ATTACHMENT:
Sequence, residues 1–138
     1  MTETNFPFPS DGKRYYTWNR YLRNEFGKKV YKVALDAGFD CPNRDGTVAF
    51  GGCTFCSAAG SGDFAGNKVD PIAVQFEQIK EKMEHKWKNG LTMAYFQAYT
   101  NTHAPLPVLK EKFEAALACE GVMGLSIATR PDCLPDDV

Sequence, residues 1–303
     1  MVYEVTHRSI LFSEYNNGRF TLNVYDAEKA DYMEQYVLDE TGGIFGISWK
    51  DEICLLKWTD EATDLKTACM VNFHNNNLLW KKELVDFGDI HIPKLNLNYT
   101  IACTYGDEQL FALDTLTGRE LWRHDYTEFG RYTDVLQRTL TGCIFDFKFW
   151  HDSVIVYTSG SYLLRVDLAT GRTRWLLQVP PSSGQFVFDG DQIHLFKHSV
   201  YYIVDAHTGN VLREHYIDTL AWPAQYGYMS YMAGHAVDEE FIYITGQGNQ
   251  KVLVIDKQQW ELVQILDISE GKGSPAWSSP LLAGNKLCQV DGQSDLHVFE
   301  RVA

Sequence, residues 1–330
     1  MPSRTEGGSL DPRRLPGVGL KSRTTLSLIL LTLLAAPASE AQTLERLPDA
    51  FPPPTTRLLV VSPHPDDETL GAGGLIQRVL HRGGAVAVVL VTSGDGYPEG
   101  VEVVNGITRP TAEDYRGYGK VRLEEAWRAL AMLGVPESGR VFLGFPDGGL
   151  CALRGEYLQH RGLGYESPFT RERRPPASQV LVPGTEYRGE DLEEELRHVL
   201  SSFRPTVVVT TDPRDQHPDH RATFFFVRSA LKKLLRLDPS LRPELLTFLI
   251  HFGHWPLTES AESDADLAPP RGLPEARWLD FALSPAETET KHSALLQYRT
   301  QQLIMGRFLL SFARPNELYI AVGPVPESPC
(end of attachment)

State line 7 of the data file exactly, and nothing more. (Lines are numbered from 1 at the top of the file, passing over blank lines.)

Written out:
    51  DEICLLKWTD EATDLKTACM VNFHNNNLLW KKELVDFGDI HIPKLNLNYT